Distribution, character and genesis of gold deposits in metamorphic terranes
Goldfarb, Richard, Baker, Timothy, Dube, B., Groves, D.I., Hart, Craig J.R., and Gosselin, Patrice (2005) Distribution, character and genesis of gold deposits in metamorphic terranes. In: Hedenquist, J.W., Thompson, J.F.H., Goldfarb, R.G., and Richards, J.P., (eds.) Economic geology 100th Anniversary volume. Society of Economic Geologists, Littleton, Colorado, USA, pp. 407-450.
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Epigenetic gold deposits in metamorphic terranes include those of the Precambrian shields (approx 23,000–25,000 t Au), particularly the Late Archean greenstone belts and Paleoproterozoic fold belts, and of the late Neoproterozoic and younger Cordilleran-style orogens (approx 22,000 t lode and 15,500 t placer Au), mainly along the margins of Gondwana, Laurentia, and the more recent circum-Pacific. Ore formation was concentrated during the time intervals of 2.8 to 2.55 Ga, 2.1 to 1.8 Ga, and 600 to 50 Ma. Prior to the last 25 years, ores were defined by grades of 5 to 10 g/t Au in underground mines; present-day economics, open-pit mining, and improved mineral processing procedures allow recovery of ores of ≤1 g/t Au, which has commonly led to the recent reworking of lower grade zones in many historic orebodies. Most of these deposits formed synchronously with late stages of orogeny and are best classified as orogenic gold deposits, which may be subdivided into epizonal, mesozonal, and hypozonal subtypes based on pressure-temperature conditions of ore formation. A second type of deposit, termed intrusion-related gold deposits, developed landward of Phanerozoic accreted terranes in the Paleozoic of eastern Australia and the Mesozoic of the northern North American Cordillera. These have an overall global distribution that is still equivocal and are characterized by an intimate genetic association with relatively reduced granitoids. The majority of gold deposits in metamorphic terranes are located adjacent to first-order, deep-crustal fault zones, which show complex structural histories and may extend along strike for hundreds of kilometers with widths of as much as a few thousand meters. Fluid migration along such zones was driven by episodes of major pressure fluctuations during seismic events. Ores formed as vein fill of second- and third-order shears and faults, particularly at jogs or changes in strike along the crustal fault zones. Mineralization styles vary from stockworks and breccias in shallow, brittle regimes, through laminated crack-seal veins and sigmoidal vein arrays in brittle-ductile crustal regions, to replacement- and disseminated-type orebodies in deeper, ductile environments (i.e., a continuum model). Most orogenic gold deposits occur in greenschist facies rocks, but significant orebodies can be present in lower and higher grade rocks. Deposits typically formed on retrograde portions of pressure-temperature-time paths and thus are discordant to metamorphic features within host rocks. Spatial association between gold ores and granitoids of all compositions reflects a locally favorable structural trap, except in the case of the intrusion-related gold deposits where there is a clearer genetic association. World-class orebodies are generally 2 to 10 km long, about 1 km wide, and are mined downdip to depths of 2 to 3 km. Most orogenic gold deposits contain 2 to 5 percent sulfide minerals and have gold/silver ratios from 5 to 10 and gold fineness >900. Arsenopyrite and pyrite are the dominant sulfide minerals, whereas pyrrhotite is more important in higher temperature ores and base metals are not highly anomalous. Tungsten-, Bi-, and Te-bearing mineral phases can be common and are dominant in the relatively sulfide poor intrusion-related gold deposits. Alteration intensity, width, and assemblage vary with the host rock, but carbonates, sulfides,muscovite, chlorite, K-feldspar, biotite, tourmaline, and albite are generally present, except in high-temperature systems where alteration halos are dominated by skarnlike assemblages. The vein-forming fluids for gold deposits in metamorphic environments are uniquely CO2 and 18O rich, with low to moderate salinities. Phanerozoic and Paleoproterozic ores show a mode of formation temperatures at 250° to 350°C, whereas Late Archean deposits cluster at about 325° to 400°C. However, there are also many important lower and higher temperature deposits deposited throughout the continuum of depths that range between 2 and 20 km. Ore fluids were, in most cases, near-neutral pH, slightly reduced, and dominated by sulfide complexes. Globally consistent ore-fluid δ18O values of 6 to 13 per mil and δD values of –80 to –20 per mil generally rule out a significant meteoric water component in the gold-bearing hydrothermal systems. Sulfur isotope measurements on ore-related sulfide minerals are concentrated between 0 and 10 per mil, but with many higher and much lower exceptions, indicating variable sulfur sources and an unlikely dominant role for mantle sulfur. Drastic pressure fluctuations with associated fluid unmixing and/o rdesulfidation during water/rock interaction are the two most commonly called-upon ore precipitation mechanisms. The specific model(s) for gold ore genesis remains controversial. Although the direct syngenetic models of the 1970s are no longer applicable, the gold itself may be initially added into the volcanic and sedimentary crustal rock sequences, probably within marine pyrite, during sea-floor hydrothermal events. Gold transport and concentration are most commonly suggested to be associated with metamorphic processes, as indicated by the volatile composition of the hydrothermal fluids, the progressive decrease in concentration of elements enriched in the gold deposits with increasing metamorphic grade of the country rocks, and the common association of ores with medium-grade metamorphic environments. Gold deposits of typically relatively low grade, which formed directly from fluid exsolution during granitoid emplacement within metamorphic rocks, are now also clearly recognized (i.e., intrusion-related gold deposits), but there are limited definitive data to implicate such an exsolved fluid source for most gold deposits within orogenic provinces. The fact that orogenic gold deposits are associated with all types of igneous rocks is a problem to a pure magmatic model. Hybrid models, where slab-derived fluids may generate rising melts that drive devolatilization reactions in the lower crust, are also feasible. Although involvement of a direct mantle fluid presents geochemical difficulties, the presence of lamprophyres and deep-crustal faults in many districts suggests potential mantle influence in the overall, largescale tectonic event controlling the hydrothermal flow system.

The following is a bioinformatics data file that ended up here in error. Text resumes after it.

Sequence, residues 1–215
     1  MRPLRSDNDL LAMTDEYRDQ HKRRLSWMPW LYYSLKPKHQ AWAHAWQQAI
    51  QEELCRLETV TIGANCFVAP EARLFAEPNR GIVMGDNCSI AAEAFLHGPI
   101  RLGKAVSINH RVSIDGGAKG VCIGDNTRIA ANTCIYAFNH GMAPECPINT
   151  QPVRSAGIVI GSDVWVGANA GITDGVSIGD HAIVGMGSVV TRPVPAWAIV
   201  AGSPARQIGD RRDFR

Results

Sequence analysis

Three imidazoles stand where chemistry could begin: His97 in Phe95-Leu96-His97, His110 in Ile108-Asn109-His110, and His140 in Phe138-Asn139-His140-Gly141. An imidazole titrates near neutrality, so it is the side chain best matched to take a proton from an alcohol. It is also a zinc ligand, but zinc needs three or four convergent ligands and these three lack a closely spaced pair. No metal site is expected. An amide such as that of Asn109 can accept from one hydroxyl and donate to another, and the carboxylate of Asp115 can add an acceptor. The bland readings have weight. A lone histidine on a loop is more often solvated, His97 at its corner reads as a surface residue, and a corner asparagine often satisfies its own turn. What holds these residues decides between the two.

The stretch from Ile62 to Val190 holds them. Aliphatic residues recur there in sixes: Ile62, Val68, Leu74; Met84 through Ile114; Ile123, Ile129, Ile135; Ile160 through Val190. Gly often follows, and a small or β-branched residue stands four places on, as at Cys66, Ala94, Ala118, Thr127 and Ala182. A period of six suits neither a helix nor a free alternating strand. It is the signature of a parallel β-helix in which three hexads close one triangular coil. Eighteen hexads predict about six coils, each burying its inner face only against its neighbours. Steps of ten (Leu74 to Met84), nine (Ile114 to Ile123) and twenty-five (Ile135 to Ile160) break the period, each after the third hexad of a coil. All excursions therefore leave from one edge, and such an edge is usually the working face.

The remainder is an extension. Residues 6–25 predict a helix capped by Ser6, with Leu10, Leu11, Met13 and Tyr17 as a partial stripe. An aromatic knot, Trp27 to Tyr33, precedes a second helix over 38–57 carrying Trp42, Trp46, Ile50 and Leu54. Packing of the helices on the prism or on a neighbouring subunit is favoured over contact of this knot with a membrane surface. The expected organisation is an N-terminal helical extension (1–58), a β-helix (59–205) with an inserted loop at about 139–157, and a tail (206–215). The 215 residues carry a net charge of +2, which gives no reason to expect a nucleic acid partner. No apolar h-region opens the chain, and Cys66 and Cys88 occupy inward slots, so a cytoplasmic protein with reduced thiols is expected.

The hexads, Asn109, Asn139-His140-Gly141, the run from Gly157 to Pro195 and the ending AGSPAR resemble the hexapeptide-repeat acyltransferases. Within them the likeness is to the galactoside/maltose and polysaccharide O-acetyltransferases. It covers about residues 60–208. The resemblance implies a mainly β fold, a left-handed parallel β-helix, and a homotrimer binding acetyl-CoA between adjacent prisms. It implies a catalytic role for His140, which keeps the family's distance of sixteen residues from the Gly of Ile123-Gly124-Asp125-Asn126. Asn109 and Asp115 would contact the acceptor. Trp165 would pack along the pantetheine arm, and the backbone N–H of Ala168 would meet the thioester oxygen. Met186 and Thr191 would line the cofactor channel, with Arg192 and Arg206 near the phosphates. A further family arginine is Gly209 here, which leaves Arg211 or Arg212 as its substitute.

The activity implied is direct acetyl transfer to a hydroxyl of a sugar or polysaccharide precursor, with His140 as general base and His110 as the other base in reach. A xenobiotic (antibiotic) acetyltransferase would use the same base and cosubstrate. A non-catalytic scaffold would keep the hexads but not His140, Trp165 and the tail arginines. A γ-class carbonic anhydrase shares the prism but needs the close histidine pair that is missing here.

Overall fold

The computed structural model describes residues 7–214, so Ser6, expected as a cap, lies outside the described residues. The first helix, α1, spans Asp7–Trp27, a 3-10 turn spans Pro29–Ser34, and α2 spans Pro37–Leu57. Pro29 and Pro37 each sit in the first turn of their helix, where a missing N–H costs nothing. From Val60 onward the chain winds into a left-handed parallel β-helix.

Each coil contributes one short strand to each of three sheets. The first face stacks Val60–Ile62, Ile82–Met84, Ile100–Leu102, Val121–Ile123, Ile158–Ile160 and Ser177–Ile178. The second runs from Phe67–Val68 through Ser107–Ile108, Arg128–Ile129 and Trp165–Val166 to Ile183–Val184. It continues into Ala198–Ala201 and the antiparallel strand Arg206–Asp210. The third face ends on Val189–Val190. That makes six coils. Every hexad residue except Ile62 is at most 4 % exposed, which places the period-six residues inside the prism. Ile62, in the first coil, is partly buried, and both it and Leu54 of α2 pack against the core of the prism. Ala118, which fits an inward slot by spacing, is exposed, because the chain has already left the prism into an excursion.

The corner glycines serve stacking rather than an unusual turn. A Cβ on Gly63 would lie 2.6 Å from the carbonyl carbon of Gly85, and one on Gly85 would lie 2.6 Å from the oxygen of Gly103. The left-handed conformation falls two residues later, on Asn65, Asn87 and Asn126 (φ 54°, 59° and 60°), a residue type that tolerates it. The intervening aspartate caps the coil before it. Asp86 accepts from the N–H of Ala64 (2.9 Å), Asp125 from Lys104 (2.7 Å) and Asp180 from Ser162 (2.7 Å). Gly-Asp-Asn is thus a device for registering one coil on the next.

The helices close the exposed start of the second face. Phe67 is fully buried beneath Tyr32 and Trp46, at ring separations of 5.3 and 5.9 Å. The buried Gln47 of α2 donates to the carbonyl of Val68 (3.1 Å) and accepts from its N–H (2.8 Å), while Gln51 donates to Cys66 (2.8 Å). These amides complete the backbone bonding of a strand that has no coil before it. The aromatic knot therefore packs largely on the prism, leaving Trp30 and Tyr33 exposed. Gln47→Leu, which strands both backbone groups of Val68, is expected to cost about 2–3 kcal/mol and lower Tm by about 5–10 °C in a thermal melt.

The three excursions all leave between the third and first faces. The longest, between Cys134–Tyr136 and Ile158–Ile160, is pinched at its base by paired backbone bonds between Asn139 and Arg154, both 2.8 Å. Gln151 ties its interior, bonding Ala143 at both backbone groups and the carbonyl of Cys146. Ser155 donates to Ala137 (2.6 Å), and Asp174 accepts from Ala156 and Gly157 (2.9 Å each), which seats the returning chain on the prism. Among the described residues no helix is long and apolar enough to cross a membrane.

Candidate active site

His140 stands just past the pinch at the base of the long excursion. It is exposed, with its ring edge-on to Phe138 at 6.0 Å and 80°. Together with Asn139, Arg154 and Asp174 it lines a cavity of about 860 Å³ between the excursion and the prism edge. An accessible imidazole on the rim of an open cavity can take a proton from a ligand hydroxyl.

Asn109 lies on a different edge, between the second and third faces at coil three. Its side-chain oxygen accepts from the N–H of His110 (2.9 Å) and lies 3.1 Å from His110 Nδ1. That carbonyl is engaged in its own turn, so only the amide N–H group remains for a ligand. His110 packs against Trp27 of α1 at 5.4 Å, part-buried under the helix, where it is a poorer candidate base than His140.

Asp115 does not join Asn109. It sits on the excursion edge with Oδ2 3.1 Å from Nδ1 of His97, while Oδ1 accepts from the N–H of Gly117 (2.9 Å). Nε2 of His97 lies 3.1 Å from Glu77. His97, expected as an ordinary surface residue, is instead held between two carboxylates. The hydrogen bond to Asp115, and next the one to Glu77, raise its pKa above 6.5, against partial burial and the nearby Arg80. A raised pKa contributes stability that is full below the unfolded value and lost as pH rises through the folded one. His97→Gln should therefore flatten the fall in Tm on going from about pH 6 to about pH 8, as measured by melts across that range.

|Item Type:||Book Chapter (Research - B1)|
Copyright 2005 Economic Geology Publishing Co.
|Date Deposited:||03 Nov 2006|
|FoR Codes:||04 EARTH SCIENCES > 0403 Geology > 040307 Ore Deposit Petrology @ 100%|
|SEO Codes:||84 MINERAL RESOURCES (excl. Energy Resources) > 8402 Primary Mining and Extraction Processes of Mineral Resources > 840205 Mining and Extraction of Precious (Noble) Metal Ores @ 50%
84 MINERAL RESOURCES (excl. Energy Resources) > 8401 Mineral Exploration > 840105 Precious (Noble) Metal Ore Exploration @ 50%